25 September 2009
The Internet Service Providers’ Association (Ispa) has reintroduced its Cape Town Internet Exchange, allowing internet service providers (ISPs) in the Western Cape – a dozen of whom have already signed on – to interconnect with each other.
Ispa’s Johannesburg and Cape Town exchanges encourage the local routing of internet traffic not destined for international locations and provide redundancy for an ISP’s own links.
Exponential traffic growth
The Cape Town Internet Exchange (CINX) will allow all local service providers, not just Ispa members, to interconnect networks and exchange traffic in order to save costs.
“We decided to reintroduce the CINX to meet overwhelming demand from members with operations in Cape Town for a local exchange in the city,” Ispa’s Rob Hunter said in a statement this week. “Cape Town business and consumers are now producing more than enough internet traffic to justify an exchange for the city.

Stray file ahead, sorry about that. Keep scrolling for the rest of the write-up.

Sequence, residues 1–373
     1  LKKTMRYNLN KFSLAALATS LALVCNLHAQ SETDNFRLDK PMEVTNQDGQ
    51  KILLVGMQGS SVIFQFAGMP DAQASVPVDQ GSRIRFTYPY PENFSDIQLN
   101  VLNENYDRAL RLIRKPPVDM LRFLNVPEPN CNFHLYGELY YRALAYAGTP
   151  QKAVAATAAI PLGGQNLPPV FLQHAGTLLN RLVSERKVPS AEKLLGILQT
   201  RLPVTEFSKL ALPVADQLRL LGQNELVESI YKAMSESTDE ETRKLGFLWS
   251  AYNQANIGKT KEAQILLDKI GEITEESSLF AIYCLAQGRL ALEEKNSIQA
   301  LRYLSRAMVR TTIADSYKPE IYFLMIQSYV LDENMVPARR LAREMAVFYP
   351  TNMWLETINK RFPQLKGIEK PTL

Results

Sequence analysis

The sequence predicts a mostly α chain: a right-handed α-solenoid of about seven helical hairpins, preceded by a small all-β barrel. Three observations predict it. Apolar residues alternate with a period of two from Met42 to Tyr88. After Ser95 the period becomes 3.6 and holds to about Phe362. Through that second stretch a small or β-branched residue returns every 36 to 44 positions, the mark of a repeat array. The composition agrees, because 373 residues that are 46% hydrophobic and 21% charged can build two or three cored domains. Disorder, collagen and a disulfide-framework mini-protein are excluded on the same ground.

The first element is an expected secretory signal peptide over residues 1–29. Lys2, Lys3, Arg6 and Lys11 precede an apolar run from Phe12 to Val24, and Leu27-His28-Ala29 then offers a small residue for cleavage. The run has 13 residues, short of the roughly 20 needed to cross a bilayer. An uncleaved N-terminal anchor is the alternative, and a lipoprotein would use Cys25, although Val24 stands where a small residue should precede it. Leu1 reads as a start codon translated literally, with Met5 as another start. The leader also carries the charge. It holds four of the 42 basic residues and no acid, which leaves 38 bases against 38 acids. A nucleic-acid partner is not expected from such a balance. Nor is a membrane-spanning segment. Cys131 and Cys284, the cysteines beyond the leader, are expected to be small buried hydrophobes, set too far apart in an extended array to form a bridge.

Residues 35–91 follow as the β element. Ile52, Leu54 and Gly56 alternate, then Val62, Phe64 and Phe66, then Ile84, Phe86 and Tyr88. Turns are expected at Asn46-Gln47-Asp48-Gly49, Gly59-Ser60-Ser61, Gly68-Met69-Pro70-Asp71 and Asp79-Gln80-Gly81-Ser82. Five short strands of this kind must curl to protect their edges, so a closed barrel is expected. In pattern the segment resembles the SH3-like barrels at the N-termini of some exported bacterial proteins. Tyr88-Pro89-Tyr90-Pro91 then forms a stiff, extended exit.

“The amount of internet traffic in Cape Town has grown exponentially over the past few years, as online media, call centres and other heavy internet business users have flourished,” Hunter said.
Internet Solutions – which also hosts the Johannesburg Internet Exchange (JINX) – has been appointed to host CINX from 2009 till 2012.
“Johannesburg ISPs have long enjoyed benefits such as improved performance for traffic within the city, cost-savings and an extra layer of redundancy from the JINX,” said Hunter.
“Cape Town service providers will now also be able to take advantage of a local peering point and experience the same benefits.”
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